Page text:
By Corinne Mills
Recruiters tend to scan CVs quite quickly so you need to convince them within the first half page of your CV that you have the relevant skills and experience, otherwise they’re unlikely to read on and your CV could very well end up in the reject pile. One of the best ways to make that initial positive impact to get them hooked is to write a compelling personal statement/profile. This is a short, sharp and succinct 3-5 sentence paragraph positioned just below your contact details on the first page of your CV which acts like a mini-advertisement to grab their attention and highlight your relevant capabilities.
So, what should you put in your personal statement?
It’s important to label yourself with a title that is specific to the job you are applying for. For instance, instead of calling yourself a "Finance Professional” or “Dynamic individual…”, label yourself as ‘Finance Director’, or ‘Financial Controller’ to reflect exactly what they are looking for. Of course you can only call yourself this if you have practical experience in the relevant area but it enables them to see right away that you have the background that is needed.
Mention how many years of experience you have of working in this field and your relevant qualifications, as this will tell them at a glance whether you have sufficient professional credibility as a serious candidate for their role. If the role or organisation asks for particular expertise or knowledge eg understanding of mergers and acquisitions, particular software, background in the media industry, then make sure that this experience is mentioned in your personal profile eg “Extensive experience of managing the financial integration of newly acquired companies”. If you’re applying for a management role ensure that you state the size of teams that you have managed and the scope of your responsibilities eg “recruiting, motivating and performance managing staff”. Executive level CVs also need to talk about your input into strategy development and leadership.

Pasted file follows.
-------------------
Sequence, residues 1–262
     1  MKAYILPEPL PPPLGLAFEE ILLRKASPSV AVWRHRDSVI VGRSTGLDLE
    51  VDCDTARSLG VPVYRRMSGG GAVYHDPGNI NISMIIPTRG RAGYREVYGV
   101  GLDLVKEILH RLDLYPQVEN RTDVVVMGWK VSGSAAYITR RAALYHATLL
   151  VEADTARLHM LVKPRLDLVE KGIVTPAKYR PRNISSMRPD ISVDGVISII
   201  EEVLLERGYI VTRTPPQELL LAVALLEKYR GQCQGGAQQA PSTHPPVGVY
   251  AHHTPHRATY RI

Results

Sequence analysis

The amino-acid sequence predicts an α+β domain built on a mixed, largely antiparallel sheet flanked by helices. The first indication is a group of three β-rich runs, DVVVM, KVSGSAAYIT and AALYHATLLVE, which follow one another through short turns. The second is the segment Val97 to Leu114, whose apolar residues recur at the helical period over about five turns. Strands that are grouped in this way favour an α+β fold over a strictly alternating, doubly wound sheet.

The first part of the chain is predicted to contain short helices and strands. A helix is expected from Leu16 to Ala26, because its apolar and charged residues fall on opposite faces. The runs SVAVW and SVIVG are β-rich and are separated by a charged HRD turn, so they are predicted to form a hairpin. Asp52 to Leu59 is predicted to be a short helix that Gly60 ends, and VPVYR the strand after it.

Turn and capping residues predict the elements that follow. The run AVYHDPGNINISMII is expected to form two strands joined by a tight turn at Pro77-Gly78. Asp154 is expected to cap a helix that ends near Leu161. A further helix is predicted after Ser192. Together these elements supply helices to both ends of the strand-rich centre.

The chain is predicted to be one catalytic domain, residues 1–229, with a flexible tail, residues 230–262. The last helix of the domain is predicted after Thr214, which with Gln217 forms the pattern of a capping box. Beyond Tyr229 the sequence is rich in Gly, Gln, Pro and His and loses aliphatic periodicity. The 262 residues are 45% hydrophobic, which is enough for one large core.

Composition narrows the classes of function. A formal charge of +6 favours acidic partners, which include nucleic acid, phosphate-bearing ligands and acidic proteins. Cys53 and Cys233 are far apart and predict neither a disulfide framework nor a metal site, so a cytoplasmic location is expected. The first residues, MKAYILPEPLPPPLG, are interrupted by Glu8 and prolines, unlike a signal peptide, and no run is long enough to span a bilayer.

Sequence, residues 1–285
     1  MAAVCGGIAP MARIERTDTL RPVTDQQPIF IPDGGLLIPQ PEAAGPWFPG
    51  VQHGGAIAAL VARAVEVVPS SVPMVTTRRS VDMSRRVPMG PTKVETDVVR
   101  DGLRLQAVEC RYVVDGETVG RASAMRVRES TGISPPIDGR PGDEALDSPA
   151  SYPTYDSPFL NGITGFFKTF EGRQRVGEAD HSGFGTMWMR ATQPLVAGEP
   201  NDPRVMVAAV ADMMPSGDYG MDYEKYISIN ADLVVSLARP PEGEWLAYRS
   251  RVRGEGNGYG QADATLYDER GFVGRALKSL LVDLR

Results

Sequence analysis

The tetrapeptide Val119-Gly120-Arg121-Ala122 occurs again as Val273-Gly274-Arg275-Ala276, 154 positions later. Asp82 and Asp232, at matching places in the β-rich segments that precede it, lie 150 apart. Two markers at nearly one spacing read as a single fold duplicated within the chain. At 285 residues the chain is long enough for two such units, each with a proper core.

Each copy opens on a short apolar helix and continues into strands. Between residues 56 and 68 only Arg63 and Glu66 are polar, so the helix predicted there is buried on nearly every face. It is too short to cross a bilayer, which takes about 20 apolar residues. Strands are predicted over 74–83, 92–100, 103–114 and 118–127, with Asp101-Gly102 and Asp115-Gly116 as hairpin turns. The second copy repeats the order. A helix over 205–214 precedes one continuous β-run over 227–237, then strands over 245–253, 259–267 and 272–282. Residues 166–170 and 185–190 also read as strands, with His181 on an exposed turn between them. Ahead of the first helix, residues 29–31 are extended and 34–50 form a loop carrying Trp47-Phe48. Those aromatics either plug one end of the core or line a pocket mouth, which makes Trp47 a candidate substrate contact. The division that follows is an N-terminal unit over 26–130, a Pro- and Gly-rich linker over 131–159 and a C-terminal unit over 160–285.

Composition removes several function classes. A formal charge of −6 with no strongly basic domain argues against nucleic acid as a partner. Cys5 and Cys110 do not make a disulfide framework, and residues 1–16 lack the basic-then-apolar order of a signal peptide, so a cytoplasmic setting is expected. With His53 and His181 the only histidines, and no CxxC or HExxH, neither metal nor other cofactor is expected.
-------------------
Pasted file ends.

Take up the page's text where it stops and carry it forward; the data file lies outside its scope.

Demonstrate the value you can bring to the organisation you’re applying to by including something in your personal profile which illustrates that your career to date has been successful. This might be a mention about your contribution to maximising revenue streams, identifying commercial opportunities, reducing losses or improving the efficiency of your team.
As a Finance professional you do need to show that you have the technical capabilities to do the job so your profile should include the key technical skills required eg management accounts, payroll. However, don’t forget the soft skills. Employers do like to have a sense of what you are like as a person but always back up any claims about your personal qualities by supplying evidence to prove it e.g “tenacious and thorough as demonstrated by successfully chasing up customer debts worth over £50,000”.
In summary, your personal statement should address all the areas that the recruiter will be considering in relation to their selection criteria for the job. Be prepared to craft a few different versions of your personal profile before you find the one that most adequately reflects you and the type of job you are pursuing. It’s worth the effort because if you get this right, then you increase the likelihood of your application being read thoroughly and subsequently shortlisted rather than discarded at first glance.
There is more help available via the best-selling CV book “You’re Hired! How to write a brilliant CV” written by Corinne Mills or by working with Personal Career Management, the career coaching specialists who are GAAPweb’s career partner